McHenry County sheriff hopeful Colatorti can remain primary ballot, judge rules

  • McHenry County sheriff candidate Tony Colatorti can remain on the Republican primary ballot, a judge ruled Friday. The judge rejected an objection that argued Colatorti lacks mandatory police training to run for sheriff.

    McHenry County sheriff candidate Tony Colatorti can remain on the Republican primary ballot, a judge ruled Friday. The judge rejected an objection that argued Colatorti lacks mandatory police training to run for sheriff. Gregory Shaver/Shaw Local

 
By James T. Norman
Shaw Local News Network
Updated 5/15/2022 5:59 PM

For the second time, McHenry County sheriff hopeful Tony Colatorti has been ruled qualified to run for office.

McHenry County Judge Kevin Costello on Friday upheld an April decision rejecting an objection to Colatorti's candidacy, which argued he lacks the necessary credentials for the office. The move keeps Colatorti on the ballot -- at least for now.

 

William Brogan and Joel Brumlik, who filed the original objection in March, immediately filed an appeal seeking a reversal of Costello's decision.

If Friday's decision stands, Colatorti will face fellow Republican Robb Tadelman, the current undersheriff of the McHenry County Sheriff's Office, in the June 28 primary.

"I am grateful that the judge ruled in our favor and will let the voters choose our next sheriff," Colatorti said in a news release Friday. "My opponent knows he will lose if he has to run in a free and fair election against me."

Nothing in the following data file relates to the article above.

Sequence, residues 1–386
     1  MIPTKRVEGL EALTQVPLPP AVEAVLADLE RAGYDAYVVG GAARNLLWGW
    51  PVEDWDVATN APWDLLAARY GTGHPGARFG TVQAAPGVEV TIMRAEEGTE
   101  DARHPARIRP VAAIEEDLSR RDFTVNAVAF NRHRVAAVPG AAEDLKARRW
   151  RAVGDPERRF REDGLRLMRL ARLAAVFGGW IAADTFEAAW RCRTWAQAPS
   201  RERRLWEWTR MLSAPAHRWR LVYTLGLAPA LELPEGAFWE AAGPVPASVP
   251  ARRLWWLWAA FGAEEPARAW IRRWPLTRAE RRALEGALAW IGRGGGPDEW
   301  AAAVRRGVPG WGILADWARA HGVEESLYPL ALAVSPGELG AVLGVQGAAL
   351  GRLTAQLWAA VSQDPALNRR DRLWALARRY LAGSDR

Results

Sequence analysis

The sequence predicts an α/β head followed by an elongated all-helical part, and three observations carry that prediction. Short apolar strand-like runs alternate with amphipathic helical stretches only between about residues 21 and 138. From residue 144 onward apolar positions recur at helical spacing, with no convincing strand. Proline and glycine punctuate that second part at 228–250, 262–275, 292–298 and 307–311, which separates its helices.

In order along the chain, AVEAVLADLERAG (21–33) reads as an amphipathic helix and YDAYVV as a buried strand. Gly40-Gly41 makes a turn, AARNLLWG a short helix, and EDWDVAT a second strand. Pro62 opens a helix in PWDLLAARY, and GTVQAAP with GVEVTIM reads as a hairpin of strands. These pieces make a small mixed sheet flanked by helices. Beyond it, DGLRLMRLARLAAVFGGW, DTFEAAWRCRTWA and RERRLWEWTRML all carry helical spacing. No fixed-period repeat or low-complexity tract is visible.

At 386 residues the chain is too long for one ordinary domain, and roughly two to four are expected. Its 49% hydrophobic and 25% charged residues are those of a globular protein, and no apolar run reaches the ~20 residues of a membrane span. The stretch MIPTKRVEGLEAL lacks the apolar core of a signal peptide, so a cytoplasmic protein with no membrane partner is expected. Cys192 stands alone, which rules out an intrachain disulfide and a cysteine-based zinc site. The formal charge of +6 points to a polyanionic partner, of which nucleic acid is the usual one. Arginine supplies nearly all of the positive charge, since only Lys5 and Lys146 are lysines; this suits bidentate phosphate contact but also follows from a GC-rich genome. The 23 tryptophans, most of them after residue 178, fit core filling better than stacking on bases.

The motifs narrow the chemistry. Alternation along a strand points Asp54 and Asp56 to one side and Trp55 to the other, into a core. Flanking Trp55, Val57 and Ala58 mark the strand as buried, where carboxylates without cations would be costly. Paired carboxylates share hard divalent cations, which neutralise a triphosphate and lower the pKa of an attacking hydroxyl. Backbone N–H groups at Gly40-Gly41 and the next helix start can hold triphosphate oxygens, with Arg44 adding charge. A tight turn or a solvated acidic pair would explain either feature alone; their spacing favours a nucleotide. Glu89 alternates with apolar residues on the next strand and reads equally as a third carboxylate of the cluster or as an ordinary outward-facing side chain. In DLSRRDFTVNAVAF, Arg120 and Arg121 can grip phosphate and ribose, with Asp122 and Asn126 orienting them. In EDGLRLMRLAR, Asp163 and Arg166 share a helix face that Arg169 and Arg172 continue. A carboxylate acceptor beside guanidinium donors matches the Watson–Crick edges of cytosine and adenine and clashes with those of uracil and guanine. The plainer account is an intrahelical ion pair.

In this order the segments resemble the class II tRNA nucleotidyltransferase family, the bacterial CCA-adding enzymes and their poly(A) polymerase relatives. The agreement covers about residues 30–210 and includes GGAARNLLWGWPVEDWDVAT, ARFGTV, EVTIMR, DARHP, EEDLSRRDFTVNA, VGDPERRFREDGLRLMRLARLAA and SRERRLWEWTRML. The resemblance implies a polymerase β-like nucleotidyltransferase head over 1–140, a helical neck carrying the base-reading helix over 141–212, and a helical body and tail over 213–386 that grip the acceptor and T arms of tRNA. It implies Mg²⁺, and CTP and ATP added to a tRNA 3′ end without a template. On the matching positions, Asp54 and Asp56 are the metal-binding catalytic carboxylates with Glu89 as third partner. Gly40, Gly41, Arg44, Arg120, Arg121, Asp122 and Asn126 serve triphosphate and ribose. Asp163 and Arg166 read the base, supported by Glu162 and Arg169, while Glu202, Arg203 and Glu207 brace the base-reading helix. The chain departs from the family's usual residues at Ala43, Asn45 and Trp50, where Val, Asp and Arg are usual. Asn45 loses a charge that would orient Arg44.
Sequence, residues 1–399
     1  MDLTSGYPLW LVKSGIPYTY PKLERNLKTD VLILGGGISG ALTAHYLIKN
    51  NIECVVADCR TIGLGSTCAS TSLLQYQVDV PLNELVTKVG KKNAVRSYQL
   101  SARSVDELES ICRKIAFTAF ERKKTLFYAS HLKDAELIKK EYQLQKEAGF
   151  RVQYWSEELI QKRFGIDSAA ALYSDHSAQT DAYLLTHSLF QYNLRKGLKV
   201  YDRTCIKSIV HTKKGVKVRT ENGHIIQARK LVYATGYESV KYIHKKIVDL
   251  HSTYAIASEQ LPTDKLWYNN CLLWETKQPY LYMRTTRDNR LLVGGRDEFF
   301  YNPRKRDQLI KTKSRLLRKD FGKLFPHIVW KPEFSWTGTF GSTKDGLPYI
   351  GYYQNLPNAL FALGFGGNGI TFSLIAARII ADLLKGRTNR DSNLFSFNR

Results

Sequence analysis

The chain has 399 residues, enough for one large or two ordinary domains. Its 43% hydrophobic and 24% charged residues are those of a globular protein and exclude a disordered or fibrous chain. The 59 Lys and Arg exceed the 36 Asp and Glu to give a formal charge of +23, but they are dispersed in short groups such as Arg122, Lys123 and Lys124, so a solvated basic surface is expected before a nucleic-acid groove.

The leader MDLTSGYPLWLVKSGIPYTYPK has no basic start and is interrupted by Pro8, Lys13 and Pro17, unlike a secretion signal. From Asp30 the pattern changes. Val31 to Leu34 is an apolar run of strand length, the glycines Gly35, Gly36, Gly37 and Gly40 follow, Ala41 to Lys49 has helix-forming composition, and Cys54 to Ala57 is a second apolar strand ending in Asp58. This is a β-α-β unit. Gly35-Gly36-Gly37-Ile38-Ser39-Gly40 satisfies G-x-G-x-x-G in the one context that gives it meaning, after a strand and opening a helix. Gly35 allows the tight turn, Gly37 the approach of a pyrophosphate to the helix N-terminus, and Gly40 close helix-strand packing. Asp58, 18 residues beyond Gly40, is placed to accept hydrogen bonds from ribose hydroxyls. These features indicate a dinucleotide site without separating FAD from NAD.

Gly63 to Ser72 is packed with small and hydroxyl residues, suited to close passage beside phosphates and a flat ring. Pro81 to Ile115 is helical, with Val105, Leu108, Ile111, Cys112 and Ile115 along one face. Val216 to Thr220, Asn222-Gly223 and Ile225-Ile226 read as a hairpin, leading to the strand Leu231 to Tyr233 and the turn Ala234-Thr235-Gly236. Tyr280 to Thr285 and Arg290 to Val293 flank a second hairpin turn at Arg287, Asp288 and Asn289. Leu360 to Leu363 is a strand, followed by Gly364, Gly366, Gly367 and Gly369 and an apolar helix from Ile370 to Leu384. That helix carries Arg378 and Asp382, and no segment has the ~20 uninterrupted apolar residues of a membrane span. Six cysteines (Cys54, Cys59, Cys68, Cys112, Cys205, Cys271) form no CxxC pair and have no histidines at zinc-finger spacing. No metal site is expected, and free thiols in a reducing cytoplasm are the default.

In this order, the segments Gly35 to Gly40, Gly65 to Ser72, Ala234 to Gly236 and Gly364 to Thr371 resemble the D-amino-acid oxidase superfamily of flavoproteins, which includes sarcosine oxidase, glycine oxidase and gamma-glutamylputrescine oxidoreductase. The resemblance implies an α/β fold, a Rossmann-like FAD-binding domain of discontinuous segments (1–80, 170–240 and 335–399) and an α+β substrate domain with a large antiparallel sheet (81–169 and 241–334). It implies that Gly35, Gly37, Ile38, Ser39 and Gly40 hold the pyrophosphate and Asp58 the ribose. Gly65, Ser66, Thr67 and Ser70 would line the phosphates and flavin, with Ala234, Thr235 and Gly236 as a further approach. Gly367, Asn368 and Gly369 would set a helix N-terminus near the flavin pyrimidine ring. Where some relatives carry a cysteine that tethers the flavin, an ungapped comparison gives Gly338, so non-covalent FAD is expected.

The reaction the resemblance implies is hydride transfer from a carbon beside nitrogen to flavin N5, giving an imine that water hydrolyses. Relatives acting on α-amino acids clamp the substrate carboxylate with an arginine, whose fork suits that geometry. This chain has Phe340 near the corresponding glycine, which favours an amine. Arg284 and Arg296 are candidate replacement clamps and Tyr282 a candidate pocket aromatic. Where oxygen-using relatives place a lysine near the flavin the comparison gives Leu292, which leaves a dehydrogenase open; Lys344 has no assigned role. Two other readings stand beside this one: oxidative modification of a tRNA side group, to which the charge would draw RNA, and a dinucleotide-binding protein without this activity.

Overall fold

Tadelman said in a statement he disagrees with Costello's decision and will continue to support the objectors.

"This campaign is indeed about qualifications and integrity," Tadelman said. "I look forward to continuing to inform voters about the facts, above the clatter and noise that surrounds campaigns."

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Friday's ruling affirms an electoral board decision in April that found Colatorti's part-time police certification meets a new state requirement that candidates for sheriff have police training. The new requirement was part of a sweeping criminal justice reform package passed by the Illinois General Assembly last year.

"If the legislature wanted to require certification as a full-time police officer as a prerequisite to being sheriff, they could have stated such a requirement," Costello said in his decision Friday. "They did not."

John Keigher, chief legal counsel for the Illinois Law Enforcement Training and Standards Board, told the electoral board in April that the training for both part-time and full-time officers is almost identical. except for the time frame in which the training must be completed.

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